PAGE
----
Corruption according to Honourable Joseph Chinotimba


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Buhera South legislator Joseph Chinotimba who is generally regarded as a clown but has brought a lot of development to his own constituency yesterday had the House in stitches when he described those booing him as he made his contribution to the Presidential speech as corrupt.

Walking out while the President was presenting the State of the Nation Address – which was done by opposition legislators last week- was also a form of corruption, he said.

Chinotimba spoke in Shona but Hansard produced his speech in English so the joke might be lost in the translation but here is what he said.

*HON. CHINOTIMBA:  Corruption Mr. Speaker, everyone is involved in corruption.  Most of us are engaged in corruption in one way or the other.  Some people just want to talk about individuals engaging in corruption but they do not look at themselves.

Corruption is not only defrauding but corruption is also evident if someone says that the vendors or informal traders should continue to sell their wares from the streets.  That is corruption because we are saying it is not healthy but we want them to stay there, that is corruption.  We want to stress that such corruption should end.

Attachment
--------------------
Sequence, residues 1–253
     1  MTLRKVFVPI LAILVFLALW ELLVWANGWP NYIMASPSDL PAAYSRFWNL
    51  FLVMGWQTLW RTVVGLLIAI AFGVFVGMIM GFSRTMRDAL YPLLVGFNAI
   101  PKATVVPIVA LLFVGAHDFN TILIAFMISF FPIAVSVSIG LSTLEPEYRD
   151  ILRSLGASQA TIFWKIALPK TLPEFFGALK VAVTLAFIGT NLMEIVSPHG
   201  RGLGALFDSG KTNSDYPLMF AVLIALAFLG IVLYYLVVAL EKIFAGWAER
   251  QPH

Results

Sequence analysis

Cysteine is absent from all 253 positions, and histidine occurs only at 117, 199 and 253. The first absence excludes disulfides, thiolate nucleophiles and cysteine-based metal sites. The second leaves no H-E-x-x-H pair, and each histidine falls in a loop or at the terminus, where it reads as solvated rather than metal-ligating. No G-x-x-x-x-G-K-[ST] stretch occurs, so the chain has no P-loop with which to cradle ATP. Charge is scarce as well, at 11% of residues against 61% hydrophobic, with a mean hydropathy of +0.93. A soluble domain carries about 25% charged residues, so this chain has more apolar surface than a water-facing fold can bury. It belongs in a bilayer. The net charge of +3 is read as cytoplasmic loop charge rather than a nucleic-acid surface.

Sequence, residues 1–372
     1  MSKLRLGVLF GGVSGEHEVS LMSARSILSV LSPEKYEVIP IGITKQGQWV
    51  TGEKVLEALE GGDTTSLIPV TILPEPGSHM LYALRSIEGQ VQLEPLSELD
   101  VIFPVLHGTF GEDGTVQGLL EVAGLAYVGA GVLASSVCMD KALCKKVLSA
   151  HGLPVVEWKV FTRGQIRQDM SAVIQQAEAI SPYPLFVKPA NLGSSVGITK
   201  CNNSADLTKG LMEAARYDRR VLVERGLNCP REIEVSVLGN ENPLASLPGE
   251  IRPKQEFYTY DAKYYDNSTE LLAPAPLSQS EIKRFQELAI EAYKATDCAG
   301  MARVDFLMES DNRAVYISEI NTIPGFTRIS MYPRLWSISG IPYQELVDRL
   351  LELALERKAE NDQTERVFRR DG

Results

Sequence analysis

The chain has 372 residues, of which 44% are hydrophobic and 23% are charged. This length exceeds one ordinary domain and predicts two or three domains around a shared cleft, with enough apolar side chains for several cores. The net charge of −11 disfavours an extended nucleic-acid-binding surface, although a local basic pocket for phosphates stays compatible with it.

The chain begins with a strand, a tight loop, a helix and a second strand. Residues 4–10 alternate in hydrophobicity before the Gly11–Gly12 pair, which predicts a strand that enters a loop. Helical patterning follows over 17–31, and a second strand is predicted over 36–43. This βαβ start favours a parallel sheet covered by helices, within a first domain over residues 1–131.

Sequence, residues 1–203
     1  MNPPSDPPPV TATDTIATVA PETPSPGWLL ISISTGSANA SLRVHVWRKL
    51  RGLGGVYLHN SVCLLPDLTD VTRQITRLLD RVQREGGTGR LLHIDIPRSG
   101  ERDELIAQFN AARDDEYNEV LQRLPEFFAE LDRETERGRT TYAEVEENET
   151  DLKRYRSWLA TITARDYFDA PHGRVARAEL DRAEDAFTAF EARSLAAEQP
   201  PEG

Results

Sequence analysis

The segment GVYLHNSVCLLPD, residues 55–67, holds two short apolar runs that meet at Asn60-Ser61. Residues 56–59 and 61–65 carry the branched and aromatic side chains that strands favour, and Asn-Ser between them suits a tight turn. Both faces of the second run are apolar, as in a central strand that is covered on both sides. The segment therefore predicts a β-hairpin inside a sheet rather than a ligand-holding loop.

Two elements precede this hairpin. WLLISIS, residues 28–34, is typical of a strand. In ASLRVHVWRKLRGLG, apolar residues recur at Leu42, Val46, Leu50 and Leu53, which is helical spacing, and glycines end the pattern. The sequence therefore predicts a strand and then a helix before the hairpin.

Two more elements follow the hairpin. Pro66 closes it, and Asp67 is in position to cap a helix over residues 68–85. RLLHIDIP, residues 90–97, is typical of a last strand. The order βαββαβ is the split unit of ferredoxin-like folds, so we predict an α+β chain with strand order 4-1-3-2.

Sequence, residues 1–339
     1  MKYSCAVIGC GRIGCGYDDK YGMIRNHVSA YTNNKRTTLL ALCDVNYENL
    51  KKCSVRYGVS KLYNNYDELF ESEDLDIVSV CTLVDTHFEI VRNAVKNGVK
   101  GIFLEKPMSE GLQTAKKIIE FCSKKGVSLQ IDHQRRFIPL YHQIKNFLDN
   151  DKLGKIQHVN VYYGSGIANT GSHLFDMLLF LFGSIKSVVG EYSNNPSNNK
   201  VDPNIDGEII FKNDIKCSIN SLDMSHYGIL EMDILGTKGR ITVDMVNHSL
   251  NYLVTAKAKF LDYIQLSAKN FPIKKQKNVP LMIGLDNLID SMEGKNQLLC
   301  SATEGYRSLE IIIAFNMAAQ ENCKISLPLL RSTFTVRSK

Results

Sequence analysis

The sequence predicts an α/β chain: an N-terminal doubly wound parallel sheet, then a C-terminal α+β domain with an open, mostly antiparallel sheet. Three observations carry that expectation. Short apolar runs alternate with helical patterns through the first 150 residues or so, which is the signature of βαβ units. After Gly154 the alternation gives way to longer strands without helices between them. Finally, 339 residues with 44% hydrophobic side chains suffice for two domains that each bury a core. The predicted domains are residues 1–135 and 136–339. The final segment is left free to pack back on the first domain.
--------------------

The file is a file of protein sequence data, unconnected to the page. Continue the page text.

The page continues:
Corruption again comes in the sense that when someone is speaking very sensibly and doing good work, you will hear people making noise, like I am doing, that is corruption.

Corruption is not only involved where there is money but also where one is saying a lot of sense and people are booing him.

There is corruption that is evident in demonstration, there is corruption that comes through fraudulent activities.  Even the demonstrations that happened when the President was delivering his Speech and MPs walked out, that in itself is corruption – [Laughter.] –

*THE HON. SPEAKER:  Order, order.  Hon. Chinotimba, we do not want jokes in this House.  May you please stick to the speech, not to be cracking jokes as you debate.  Let us respect this House.

*HON. CHINOTIMBA:  Thank you Mr. Speaker.  I am talking about corruption and people may think that I am joking but as I am saying, you once said that when we come to Parliament to discuss business, we should not fear.  So, I am talking of corruption and where it comes from.

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The Insider

The Insider is a political and business bulletin about Zimbabwe, edited by Charles Rukuni. Founded in 1990, it was a printed 12-page subscription only newsletter until 2003 when Zimbabwe's hyper-inflation made it impossible to continue printing.

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